But then IBM did something that reminded us why it’s one of the safest bets in the security business: It went out and bought another security company that shows promise in its particular niche. In this case, it was National Interest Security Company (NISC), which IBM had announced its intention to acquire in January. The company, which is based in the Washington D.C. suburb of Fairfax, Virginia, does a lot of work providing security consulting services to the federal government, in addition to other branches of government and companies in the defense, healthcare, energy, logistics, and security industries. (That’s right: NISC provides security for the security companies.) NISC had 1,000 employees, and will operate as a subsidiary of IBM’s Global Business Services unit.
NISC was IBM’s eighth security-related acquisition since the $1.3 billion acquisition in October 2006 of Internet Security Systems (ISS), the Georgia developer of network security tools that also netted IBM the ISS X-Force security research group. The list of buys (and planned buys) includes:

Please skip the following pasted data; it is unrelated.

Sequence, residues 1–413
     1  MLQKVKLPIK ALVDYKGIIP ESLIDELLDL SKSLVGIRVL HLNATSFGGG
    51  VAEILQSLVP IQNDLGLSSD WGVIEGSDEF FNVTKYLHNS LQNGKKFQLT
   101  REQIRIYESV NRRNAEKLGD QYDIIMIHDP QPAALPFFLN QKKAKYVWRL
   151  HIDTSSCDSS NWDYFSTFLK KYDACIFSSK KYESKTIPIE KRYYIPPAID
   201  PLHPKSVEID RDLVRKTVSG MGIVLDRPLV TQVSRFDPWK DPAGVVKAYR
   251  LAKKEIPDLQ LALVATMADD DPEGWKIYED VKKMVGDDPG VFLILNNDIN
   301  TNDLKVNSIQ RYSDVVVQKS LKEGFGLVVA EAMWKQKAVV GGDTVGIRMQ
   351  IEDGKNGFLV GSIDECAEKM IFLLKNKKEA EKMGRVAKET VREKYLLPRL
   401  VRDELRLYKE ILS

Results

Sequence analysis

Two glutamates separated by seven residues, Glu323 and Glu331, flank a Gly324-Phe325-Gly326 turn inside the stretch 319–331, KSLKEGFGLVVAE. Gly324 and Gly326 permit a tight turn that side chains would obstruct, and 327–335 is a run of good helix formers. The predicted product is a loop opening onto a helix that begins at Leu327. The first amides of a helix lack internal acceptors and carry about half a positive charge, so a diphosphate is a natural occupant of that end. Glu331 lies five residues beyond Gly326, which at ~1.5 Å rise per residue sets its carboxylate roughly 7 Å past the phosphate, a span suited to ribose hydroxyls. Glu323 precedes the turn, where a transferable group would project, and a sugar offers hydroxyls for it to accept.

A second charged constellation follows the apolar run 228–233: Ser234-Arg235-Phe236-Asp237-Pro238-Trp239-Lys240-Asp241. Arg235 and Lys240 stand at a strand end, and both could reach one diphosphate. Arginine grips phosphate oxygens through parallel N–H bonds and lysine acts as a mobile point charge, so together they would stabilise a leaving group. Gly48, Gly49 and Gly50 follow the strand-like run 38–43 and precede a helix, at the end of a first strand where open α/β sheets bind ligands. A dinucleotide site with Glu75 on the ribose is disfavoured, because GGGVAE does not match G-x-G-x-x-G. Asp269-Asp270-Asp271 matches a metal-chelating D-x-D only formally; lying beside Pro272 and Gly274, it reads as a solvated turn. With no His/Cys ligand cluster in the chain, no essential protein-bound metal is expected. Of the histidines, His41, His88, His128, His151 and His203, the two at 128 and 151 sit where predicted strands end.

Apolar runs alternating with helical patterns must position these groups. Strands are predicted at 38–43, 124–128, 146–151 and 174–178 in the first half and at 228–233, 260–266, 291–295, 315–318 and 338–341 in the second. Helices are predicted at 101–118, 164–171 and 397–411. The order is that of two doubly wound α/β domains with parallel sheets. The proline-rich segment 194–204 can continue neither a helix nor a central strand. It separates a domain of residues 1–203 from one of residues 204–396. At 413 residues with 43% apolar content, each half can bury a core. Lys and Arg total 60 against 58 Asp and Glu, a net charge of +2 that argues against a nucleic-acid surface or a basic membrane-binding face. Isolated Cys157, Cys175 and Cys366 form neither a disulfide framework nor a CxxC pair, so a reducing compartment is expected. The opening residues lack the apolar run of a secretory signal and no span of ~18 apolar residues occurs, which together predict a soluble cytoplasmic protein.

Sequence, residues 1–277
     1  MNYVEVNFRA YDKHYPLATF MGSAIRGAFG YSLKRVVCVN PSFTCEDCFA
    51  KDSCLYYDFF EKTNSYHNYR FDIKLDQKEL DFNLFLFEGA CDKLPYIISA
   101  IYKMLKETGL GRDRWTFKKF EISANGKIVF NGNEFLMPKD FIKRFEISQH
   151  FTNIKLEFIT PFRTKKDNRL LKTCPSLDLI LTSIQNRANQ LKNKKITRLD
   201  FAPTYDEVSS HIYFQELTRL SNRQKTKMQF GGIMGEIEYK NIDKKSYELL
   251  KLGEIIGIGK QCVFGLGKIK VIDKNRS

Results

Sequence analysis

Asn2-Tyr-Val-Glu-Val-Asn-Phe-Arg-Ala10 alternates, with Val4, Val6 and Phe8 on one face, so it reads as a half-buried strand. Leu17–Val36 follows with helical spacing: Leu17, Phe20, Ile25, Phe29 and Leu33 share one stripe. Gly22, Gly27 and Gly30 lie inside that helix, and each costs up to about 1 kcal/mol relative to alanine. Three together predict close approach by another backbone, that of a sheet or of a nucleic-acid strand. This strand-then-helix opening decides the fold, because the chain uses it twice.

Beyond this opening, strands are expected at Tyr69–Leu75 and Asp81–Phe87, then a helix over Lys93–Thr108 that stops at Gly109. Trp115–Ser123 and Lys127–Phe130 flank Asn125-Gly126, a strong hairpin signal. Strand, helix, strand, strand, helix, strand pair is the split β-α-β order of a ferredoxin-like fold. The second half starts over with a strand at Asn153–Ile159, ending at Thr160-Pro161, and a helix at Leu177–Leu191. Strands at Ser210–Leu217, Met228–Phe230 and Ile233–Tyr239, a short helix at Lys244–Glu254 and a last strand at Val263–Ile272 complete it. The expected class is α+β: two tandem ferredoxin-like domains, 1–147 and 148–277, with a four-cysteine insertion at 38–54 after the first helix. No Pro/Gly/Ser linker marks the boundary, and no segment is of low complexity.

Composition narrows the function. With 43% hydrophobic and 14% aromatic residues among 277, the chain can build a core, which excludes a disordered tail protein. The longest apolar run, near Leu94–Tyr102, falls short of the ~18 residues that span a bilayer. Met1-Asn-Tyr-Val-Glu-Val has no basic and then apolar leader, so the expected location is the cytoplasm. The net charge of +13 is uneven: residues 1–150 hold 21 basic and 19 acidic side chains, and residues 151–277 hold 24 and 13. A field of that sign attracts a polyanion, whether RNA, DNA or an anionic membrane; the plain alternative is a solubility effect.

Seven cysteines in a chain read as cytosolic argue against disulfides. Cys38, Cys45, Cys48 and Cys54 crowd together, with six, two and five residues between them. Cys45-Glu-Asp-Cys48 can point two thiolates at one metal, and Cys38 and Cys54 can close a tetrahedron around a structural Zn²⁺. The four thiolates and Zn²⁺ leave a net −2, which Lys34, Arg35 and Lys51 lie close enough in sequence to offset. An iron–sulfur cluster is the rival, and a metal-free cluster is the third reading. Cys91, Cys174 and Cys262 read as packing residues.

Many of these products have been integrated into the Tivoli division, the systems management and security software brand that itself is a former IBM acquisition.
IBM built on some of these acquisitions with a slew of new products announced at the RSA show. This includes a new Web application security service called Secure Web Gateway Service 2.0; a new service that allows IBM security to update CheckPoint firewall products; a new release of IBM’s SIEM offering; a spam filter development tool called the Security Content Analysis SDK; a source code analysis tool for detecting security vulnerabilities, called AppScan Source Edition; a new client-agnostic e-mail encryption tool for Lotus Notes called Lotus Protector for Mail Encryption; a new security offering that looks for abuse of privileged user profiles, called Security Privileged Identity Management and Compliance Solution; and z/OS version 1.12, which IBM says offers more security capabilities.